An employee has a disability for the purposes of the DIFC Employment Law if he has a mental or physical impairment which has a substantial and long-term adverse effect on his ability to carry out his duties in accordance with the employment contract. An impairment has a long-term effect if it has lasted at least 12 months or is likely to last at least 12 months. If the employer fails to make reasonable adjustments to any physical feature of the workplace or the applicable PCP would, if made, enable the employee to otherwise meet the genuine occupational requirement, this will amount to disability discrimination.
In many jurisdictions the concept of positive discrimination (that is, treating one person more favourably than another because of their membership of a particular protected class) is generally prohibited in the workplace context. Under the DIFC Employment Law, employers are permitted to positively discriminate in favour of disadvantaged groups, including (but not limited to) those that are disadvantaged because of mental or physical disability.
There are also separate (and specific) positive discrimination provisions in the DIFC Employment Law such as reduced working hours for fasting Muslim employees during the Holy Month of Ramadan.
Additional protections for pregnant women are laid down in the DIFC Employment Law, which provides that an employer shall not, because of an employee’s pregnancy or maternity leave, terminate employment or change the position or condition of employment without the employee’s prior written consent. Moreover, an employee has the right to return to work at the end of maternity leave to the same role or a suitable alternative on the same terms and conditions, and with same seniority rights she would have had had she not taken maternity leave.
Remedies for breach of anti-discrimination provisions
Notwithstanding specific anti-discrimination provisions, the DIFC Employment Law fails to expressly provide for any scheme of statutory compensation (such as future loss of earnings or an award for injury to feelings as provided for in jurisdictions such as England and Wales) for breach of the laws prohibiting discrimination. It is therefore, at present, unclear what approach or test the DIFC Courts will apply in determining the level of compensation to be awarded for a successful claim.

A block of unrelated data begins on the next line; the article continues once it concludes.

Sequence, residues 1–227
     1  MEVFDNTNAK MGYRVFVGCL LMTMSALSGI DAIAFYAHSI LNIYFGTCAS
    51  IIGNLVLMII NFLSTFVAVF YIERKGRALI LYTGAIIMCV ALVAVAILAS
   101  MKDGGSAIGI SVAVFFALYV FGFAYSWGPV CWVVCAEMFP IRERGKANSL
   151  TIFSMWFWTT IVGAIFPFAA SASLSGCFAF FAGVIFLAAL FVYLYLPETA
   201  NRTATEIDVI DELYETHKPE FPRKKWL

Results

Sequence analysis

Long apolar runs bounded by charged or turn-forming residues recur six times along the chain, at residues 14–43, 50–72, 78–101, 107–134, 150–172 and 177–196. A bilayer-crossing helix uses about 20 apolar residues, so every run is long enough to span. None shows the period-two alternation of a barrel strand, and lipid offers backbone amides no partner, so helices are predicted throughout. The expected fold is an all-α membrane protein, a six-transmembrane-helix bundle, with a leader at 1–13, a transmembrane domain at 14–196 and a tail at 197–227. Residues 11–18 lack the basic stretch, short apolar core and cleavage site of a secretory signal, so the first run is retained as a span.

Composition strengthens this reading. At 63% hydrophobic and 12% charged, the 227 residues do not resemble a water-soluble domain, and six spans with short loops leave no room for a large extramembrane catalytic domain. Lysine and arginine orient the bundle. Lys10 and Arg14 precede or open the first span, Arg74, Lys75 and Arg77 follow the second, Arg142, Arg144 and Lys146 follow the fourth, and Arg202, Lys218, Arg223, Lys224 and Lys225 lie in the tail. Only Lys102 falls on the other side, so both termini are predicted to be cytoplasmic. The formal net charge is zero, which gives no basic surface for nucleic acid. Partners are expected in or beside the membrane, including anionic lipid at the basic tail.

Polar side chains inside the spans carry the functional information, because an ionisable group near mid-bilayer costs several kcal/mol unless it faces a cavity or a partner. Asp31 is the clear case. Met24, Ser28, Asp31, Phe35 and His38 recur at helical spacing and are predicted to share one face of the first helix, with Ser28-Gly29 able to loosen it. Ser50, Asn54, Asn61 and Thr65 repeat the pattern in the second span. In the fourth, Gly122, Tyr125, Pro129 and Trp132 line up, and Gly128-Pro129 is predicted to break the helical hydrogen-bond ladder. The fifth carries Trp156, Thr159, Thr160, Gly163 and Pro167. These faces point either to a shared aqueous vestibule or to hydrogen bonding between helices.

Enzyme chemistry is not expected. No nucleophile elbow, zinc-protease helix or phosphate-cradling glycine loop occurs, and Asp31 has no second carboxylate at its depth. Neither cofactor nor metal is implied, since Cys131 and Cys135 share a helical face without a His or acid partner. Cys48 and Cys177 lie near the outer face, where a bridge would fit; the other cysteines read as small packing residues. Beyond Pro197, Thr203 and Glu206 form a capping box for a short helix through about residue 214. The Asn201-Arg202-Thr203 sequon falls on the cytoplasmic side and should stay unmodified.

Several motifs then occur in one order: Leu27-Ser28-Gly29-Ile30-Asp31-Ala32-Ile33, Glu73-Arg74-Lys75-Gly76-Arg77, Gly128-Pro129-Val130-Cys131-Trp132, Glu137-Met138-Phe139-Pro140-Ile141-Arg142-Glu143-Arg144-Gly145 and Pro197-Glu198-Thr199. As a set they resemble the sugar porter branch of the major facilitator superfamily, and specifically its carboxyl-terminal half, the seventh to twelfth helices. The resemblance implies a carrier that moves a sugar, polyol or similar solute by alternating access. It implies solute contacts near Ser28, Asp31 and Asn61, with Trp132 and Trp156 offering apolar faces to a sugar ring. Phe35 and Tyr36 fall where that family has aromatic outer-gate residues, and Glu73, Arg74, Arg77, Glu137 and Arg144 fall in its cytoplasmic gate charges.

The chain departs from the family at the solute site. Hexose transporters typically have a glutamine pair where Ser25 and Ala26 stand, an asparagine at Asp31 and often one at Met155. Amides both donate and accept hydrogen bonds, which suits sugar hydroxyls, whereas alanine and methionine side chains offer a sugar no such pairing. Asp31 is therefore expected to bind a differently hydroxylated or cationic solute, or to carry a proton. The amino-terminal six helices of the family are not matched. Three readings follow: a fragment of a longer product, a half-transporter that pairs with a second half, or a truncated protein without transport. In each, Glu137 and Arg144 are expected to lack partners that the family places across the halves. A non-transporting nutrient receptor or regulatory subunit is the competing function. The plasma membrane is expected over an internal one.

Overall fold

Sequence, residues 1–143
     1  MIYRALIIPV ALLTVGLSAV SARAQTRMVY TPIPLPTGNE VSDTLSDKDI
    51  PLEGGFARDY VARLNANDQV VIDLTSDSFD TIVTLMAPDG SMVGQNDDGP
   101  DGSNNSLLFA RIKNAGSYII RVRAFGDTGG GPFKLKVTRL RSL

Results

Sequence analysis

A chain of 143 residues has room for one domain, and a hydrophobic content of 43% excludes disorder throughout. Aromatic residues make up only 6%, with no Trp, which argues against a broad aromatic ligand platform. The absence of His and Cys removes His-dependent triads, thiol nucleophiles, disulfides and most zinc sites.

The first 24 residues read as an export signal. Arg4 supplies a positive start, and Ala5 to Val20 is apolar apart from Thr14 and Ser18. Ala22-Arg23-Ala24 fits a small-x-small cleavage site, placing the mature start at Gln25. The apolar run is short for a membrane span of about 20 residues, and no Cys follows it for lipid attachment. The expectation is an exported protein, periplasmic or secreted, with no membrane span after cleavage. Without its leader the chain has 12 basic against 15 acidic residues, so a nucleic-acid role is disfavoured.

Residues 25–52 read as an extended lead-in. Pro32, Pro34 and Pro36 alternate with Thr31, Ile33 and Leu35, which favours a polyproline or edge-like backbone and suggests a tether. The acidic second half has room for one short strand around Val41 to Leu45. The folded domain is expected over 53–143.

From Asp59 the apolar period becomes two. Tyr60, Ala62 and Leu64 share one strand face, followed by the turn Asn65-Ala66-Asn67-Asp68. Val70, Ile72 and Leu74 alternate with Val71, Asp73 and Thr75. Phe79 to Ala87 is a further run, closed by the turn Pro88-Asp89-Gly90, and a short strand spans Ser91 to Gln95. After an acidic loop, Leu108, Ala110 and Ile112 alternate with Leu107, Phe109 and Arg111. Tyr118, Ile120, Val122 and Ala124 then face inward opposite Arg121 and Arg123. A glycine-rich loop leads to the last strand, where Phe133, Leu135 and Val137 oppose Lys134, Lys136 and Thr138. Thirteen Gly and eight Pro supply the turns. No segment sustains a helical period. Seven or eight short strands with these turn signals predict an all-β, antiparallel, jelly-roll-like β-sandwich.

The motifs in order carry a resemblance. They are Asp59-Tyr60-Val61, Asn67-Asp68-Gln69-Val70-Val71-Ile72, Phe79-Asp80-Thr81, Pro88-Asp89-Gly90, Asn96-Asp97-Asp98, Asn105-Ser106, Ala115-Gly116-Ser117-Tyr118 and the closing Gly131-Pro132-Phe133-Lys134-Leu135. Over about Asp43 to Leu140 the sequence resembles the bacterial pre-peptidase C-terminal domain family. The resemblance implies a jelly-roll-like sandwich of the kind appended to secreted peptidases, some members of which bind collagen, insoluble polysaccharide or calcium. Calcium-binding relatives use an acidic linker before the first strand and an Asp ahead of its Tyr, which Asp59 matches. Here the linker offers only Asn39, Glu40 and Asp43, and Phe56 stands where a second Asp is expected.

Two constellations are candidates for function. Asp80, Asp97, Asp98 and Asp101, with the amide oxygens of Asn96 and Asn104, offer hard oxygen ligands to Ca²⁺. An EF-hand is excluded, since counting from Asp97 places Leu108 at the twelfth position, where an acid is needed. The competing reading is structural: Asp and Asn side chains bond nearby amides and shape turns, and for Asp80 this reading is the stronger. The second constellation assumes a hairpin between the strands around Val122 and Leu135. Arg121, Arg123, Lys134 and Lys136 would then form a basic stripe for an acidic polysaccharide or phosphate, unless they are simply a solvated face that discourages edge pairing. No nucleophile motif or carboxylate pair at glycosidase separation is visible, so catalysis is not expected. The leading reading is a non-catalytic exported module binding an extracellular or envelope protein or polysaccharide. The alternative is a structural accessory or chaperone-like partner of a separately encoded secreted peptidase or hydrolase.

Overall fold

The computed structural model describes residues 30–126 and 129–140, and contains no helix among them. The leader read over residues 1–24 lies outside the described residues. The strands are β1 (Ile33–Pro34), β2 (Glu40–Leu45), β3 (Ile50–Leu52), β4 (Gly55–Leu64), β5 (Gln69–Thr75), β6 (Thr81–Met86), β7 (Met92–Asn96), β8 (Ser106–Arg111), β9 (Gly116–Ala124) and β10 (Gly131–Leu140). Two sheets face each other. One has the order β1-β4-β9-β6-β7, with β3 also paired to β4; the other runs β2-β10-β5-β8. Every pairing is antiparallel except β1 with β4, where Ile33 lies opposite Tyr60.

Under the DIFC Employment Law, an employer may also be held vicariously liable for the actions of its employees (e.g. for bullying or harassment) committed in the course of employment. In order to avoid liability, an employer must demonstrate that the employees responsible for the bullying, harassment, etc., acted outside the course of their employment or that it took reasonable measures to prevent the employees concerned from committing the acts in question.
Practical measures and best practice
From a practical perspective, the DIFC’s express anti-discrimination provisions are more likely to promote and enhance the success of a global business than frustrate it and those companies genuinely committed to equal opportunity are less likely to be subjected to complaints of unlawful discrimination. As a minimum, it is recommended that companies operating in the DIFC are mindful of the following best practice:
- awareness and understanding of the DIFC’s anti-discrimination framework.
- the introduction of a company-wide equal opportunities policy.
- robust training on the equal opportunities policy across the company but in particular, bespoke and periodic training for those within the organisation who will be tasked with applying and implementing the policy in practice (such as managers and HR professionals).
- periodic review and auditing of such equal opportunity policies and practices to determine the level of compliance within the business and issues requiring resolution going forward.